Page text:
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HMRC internal manual

Savings and Investment Manual

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HM Revenue & Customs
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Deduction of tax: yearly interest: practical application

Applying case law principles

It is always a question of fact whether, in any particular case, interest is yearly or short. The intention of the parties will be the most important factor in deciding the question (see SAIM9075). This will be the case in particular where a loan has a duration of less than 12 months but is ‘rolled over’, once or more than once, to a second year. If the intention of the parties, when the borrowing was first put in place, was for the borrowing term to be less than 12 months, HMRC will require clear evidence that this was the original intention. Without such evidence, HMRC will be unable to accept that the intention of the parties was to have a borrowing term of less than 12 months.

The question of whether interest is short interest, from which the payer has no obligation to deduct tax, is most likely to arise in the context of payments made by a UK resident to a person whose usual place of abode is outside the UK. If the interest is short, there is no need for the recipient to apply under a relevant Double Taxation Agreement to receive the interest gross (or with tax withheld at a reduced rate). There is guidance at INTM505010 onwards.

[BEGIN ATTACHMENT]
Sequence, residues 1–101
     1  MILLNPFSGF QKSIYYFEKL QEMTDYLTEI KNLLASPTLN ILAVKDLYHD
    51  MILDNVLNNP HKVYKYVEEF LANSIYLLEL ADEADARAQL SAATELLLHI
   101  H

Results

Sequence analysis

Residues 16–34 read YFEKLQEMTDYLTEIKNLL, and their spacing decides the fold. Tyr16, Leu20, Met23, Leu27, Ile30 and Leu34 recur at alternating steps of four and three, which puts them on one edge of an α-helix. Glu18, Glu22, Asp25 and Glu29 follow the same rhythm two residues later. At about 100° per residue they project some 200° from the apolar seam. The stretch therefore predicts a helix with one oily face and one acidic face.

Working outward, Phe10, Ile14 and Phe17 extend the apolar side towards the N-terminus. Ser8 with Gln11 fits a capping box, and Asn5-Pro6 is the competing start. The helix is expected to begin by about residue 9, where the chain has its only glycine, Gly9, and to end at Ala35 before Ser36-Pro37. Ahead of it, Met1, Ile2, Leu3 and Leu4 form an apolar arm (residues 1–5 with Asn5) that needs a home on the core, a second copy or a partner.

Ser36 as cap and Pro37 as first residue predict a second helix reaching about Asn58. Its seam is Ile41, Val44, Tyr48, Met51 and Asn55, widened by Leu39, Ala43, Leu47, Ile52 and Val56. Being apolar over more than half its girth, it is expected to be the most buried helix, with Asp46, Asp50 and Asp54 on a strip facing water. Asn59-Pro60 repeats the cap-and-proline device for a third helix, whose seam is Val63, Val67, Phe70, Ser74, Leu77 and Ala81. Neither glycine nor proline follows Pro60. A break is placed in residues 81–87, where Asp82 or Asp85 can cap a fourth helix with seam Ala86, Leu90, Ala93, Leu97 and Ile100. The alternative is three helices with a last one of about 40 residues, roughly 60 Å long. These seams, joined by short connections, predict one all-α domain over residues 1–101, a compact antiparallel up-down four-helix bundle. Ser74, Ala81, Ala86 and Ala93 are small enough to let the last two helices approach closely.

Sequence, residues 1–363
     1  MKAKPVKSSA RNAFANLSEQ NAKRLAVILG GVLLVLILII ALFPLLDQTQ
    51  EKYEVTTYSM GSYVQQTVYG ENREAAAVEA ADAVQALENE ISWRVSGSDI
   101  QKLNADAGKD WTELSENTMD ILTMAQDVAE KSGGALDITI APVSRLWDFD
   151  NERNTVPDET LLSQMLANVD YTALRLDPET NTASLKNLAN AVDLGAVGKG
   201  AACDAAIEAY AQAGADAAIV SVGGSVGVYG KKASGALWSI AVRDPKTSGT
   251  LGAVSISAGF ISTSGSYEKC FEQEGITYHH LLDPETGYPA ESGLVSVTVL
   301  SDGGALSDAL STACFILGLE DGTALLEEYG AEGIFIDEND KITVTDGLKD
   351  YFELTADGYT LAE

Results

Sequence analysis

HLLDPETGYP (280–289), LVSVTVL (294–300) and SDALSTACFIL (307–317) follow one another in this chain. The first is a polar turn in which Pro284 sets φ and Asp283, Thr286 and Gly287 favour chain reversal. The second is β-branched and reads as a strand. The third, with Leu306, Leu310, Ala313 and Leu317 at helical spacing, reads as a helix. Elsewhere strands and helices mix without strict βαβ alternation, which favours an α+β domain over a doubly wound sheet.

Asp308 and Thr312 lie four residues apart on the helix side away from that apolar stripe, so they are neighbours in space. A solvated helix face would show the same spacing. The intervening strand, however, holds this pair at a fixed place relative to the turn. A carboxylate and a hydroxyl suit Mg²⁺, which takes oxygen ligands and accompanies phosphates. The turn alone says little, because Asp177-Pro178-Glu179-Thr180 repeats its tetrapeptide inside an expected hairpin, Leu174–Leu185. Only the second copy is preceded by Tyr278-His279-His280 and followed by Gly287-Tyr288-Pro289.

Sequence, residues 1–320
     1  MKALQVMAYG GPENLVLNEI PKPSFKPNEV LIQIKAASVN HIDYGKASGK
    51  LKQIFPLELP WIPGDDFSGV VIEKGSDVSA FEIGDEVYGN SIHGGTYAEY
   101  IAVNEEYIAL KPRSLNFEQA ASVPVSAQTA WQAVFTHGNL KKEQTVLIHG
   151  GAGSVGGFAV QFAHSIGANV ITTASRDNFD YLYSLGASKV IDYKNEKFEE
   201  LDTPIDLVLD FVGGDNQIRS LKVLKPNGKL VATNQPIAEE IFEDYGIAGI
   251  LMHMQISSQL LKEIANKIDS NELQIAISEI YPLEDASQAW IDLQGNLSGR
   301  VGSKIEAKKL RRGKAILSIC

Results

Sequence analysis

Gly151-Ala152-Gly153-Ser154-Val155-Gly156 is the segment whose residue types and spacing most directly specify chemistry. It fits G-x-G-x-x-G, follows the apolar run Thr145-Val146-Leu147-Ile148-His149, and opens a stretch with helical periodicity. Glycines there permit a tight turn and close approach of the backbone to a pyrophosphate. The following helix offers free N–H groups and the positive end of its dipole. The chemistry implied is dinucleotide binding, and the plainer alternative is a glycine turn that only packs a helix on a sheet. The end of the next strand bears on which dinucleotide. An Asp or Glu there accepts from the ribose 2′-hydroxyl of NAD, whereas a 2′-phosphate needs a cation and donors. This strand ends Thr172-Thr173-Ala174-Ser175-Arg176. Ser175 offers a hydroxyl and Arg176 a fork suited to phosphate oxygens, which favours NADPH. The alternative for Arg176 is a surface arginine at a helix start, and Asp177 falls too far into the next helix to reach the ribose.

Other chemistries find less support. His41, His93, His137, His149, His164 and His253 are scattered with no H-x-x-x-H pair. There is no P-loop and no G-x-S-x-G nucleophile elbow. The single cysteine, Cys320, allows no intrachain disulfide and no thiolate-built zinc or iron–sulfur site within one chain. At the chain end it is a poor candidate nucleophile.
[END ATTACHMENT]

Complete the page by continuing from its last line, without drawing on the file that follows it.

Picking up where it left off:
A UK resident may make a series of loans, each of less than a year, to a non-resident, and claim that the interest is short. HMRC staff should refer to the guidance at INTM542010 in such cases.

Uncertainty may also arise as to whether there is a duty to deduct tax from interest in circumstances comparable to that in Bebb v Bunny (SAIM9075) - where a sum of money remains outstanding for a period that may, or may not, be a year or more. For example, a manufacturer might guarantee to refund the purchase price, with interest from the date of claim, if a product proves faulty: such claims may normally be processed speedily but, in disputed cases, may drag on for over a year.

Where the parties intend at the outset that monies due will not be left outstanding for a year or more, the interest will be short - even if, in a few cases, there are delays which prolong the period over which interest accrues. If however the parties anticipate at the beginning that the debt will exist for a year or more, or appear to be indifferent as to whether it will or not, the interest is likely to be yearly.

Where the payer of the interest is uncertain about whether it is short or yearly, they may in practice ‘play safe’ by deducting tax. If the recipient of such interest objects to the tax deduction, HMRC staff should advise him or her to take up the matter with the payer, see SAIM9180.

If, conversely, the payer decides that interest is short and pays it gross, HMRC staff should not challenge that view unless

  • the decision appears to be completely unjustified on the facts and in the light of relevant case law, or there is reason to suspect a definite intention of avoiding the payment of withholding tax; and
  • material sums of tax are at risk.